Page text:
democrats. >> and, glen, i want your reading of the trump reaction in the white house meaning the president's personal reaction to luther strange losing, but first, i want to read this comment from congressman thomas mass sy, republican who was elected with tea party support and he said this to "the washington examiner" about republican voters in explaining what happened in alabama. he said, i realized when they voted for rand and ron paul and me in these primaries, they weren't voted for libertarian ideas but the craziest son of a bitch in the race and donald trump won best in class. and, glen, so, so that's what they seem to have been voting for in alabama and nothing donald trump said could get them to go in any other direction. >> you totally ambushed me with the best quote of the year there. >> so sorry. we should have given it to you ahead of time. >> that is awesome.
i started my career covering alabama politics and i can verify. >> yes. >> from first person experience it is absolutely true. look. it really is true. this is a really angry electorate. and they hopscotch from issue to issue. you know? weren't we told, correct me if i'm wrong, five, six, seven years ago that the sole so focus of this particular electorate deficit reduction? remember that one? didn't we today just essentially unveil a tax reform or tax cut proposal and you're totally dead on by the way about the president just completely blowing the line right out of the box today. i mean, we are talking about -- we don't know what the estimate of how many trillions of dollars to add to the deficit. right? we are dealing with a visceral feeling and the way that he is able to redefine -- apart from what the former congressman said about the voracity of the
president's statement, the chutzpah and the sort of political genius of declaring a victory even if it's a loss, i just wonder if i can wind up saying beloved new york mets won the national league east this yore. >> you can in trump world, apparently. and, david, we are also getting this report of trump behavior and attitude inside the white house. axios saying donald trump is mocking leader mcconnell and senator mccain with a thumbs down of the health care vote and, david, we know this is not the way for a president to find his way to legislative success. >> no. nor to build a majority on the votes he needs. listen. you talked about massey's quote. roy of alabama said he won't let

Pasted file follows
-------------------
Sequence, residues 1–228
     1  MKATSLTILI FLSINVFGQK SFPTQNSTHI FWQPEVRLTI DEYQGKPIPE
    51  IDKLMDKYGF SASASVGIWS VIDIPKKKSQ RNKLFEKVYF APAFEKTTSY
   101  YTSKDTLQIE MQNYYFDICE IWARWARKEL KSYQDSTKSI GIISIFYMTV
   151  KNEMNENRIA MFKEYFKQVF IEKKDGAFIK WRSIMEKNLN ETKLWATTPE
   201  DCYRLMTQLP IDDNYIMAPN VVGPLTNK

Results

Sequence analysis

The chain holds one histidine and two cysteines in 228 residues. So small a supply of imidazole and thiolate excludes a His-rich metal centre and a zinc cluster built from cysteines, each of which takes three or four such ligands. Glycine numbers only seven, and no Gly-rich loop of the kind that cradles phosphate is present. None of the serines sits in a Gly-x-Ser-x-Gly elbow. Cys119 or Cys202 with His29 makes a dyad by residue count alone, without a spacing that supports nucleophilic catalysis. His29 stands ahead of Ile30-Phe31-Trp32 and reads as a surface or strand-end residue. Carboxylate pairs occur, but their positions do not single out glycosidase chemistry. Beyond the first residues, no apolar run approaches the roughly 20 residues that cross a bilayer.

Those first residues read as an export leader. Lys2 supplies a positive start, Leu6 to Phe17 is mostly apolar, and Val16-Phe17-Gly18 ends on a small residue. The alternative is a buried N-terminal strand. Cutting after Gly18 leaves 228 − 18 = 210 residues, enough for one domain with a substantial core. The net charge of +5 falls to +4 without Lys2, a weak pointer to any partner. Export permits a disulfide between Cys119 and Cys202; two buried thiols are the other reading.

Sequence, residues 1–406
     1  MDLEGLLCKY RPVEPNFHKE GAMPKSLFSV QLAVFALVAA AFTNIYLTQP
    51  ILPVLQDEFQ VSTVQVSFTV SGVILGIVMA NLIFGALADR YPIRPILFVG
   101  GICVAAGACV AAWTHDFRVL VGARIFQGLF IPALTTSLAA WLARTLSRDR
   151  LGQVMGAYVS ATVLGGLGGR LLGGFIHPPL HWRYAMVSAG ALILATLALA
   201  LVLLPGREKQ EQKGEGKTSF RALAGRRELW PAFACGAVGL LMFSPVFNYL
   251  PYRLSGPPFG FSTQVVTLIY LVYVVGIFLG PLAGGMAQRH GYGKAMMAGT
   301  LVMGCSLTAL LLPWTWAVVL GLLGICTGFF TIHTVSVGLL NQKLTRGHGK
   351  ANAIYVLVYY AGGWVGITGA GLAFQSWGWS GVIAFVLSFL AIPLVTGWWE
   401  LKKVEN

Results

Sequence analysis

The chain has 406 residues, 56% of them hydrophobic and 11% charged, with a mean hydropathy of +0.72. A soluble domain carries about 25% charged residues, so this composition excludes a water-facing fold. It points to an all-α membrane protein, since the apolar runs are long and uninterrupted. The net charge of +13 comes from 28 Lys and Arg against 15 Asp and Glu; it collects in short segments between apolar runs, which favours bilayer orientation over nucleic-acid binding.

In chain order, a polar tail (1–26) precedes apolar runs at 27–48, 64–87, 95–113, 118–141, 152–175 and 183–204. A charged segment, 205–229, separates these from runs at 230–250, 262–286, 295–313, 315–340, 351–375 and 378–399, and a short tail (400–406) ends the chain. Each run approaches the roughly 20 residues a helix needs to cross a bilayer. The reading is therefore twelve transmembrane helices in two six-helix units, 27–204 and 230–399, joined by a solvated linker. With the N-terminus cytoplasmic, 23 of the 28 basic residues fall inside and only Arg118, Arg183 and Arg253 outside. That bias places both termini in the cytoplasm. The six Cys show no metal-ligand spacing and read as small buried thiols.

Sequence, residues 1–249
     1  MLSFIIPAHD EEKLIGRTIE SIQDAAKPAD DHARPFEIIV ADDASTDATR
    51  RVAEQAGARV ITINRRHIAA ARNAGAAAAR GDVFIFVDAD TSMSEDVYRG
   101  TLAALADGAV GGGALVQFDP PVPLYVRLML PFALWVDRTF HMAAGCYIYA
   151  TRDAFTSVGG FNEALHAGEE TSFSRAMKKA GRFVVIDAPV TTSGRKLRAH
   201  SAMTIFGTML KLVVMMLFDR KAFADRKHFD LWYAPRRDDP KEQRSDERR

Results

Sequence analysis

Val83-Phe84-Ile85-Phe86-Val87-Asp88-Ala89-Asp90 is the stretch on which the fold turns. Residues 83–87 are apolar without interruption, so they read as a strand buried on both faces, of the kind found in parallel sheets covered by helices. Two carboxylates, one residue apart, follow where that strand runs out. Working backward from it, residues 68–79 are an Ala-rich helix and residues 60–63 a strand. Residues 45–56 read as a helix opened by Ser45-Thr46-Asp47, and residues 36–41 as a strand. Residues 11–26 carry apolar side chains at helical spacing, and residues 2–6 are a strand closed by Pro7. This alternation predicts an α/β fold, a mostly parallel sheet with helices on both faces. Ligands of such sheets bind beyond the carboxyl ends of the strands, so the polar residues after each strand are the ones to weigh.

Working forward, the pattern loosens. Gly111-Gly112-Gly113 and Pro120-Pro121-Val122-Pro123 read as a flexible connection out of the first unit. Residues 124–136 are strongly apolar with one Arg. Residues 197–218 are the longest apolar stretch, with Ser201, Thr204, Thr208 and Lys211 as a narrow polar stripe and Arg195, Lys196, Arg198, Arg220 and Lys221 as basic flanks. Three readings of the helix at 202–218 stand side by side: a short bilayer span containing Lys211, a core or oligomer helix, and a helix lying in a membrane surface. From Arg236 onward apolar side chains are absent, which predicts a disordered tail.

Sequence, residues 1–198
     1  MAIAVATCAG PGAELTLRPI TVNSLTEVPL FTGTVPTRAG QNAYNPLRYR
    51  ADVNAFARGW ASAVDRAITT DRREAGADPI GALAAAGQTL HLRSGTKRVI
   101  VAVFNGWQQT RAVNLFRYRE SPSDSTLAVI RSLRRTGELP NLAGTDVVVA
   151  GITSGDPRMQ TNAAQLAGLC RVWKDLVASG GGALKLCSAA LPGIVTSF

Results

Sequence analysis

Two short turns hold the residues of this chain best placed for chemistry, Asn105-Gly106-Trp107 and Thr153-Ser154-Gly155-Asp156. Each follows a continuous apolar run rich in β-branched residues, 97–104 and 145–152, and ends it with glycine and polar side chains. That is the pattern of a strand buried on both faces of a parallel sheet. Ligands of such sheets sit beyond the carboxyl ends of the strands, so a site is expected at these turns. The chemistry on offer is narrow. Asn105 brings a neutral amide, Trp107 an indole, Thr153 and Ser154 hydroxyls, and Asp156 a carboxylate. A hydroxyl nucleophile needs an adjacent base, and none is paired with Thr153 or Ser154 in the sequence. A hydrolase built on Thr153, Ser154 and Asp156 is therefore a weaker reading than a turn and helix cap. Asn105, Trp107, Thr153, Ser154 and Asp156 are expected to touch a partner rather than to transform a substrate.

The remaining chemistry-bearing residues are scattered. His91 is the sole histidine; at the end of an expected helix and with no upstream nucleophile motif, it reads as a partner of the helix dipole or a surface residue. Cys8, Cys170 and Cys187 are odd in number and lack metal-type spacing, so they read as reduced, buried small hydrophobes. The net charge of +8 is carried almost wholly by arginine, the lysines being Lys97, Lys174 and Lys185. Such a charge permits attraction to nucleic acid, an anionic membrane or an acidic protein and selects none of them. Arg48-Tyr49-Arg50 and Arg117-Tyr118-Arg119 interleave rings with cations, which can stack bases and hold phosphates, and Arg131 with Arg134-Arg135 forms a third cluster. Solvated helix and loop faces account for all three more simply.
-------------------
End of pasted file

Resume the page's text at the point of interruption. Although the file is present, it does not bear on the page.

transgendered soldiers into your bathroom. that's the next united states senator of alabama that donald trump is supporting and the establishment is now behind. i think what's happened with donald trump, listen, he was supporting luther strange in the middle of this weird detente with mitch mcconnell. they were fighting, they weren't. they were fighting, they weren't. i think the establishment convinced trump to go in for strange and he has never forgotten that and now he's lost. what does donald trump have the hardest time doing? it is losing. now you are seeing him delete tweets saying he was associated with luther strange. i don't think he'll let it go with mitch mcconnell. it was against his own moral compass. bannon knew roy moore was the donald trump candidate and he won last night and i think the end of the day donald trump is happy with roy moore, unfortunately. >> what was the president or mitch mcconnell supposed to do with a sitting senator from alabama who's running for re-election or election since he was apointed?